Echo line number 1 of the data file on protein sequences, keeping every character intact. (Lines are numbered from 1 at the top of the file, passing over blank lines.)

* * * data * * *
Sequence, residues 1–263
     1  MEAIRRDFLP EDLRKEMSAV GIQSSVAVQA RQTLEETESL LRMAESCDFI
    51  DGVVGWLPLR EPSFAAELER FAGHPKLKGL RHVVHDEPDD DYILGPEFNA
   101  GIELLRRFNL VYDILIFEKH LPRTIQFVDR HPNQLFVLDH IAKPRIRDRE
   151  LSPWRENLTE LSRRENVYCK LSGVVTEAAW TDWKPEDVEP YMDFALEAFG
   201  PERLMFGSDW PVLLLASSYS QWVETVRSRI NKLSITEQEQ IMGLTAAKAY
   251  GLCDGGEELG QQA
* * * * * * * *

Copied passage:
Sequence, residues 1–263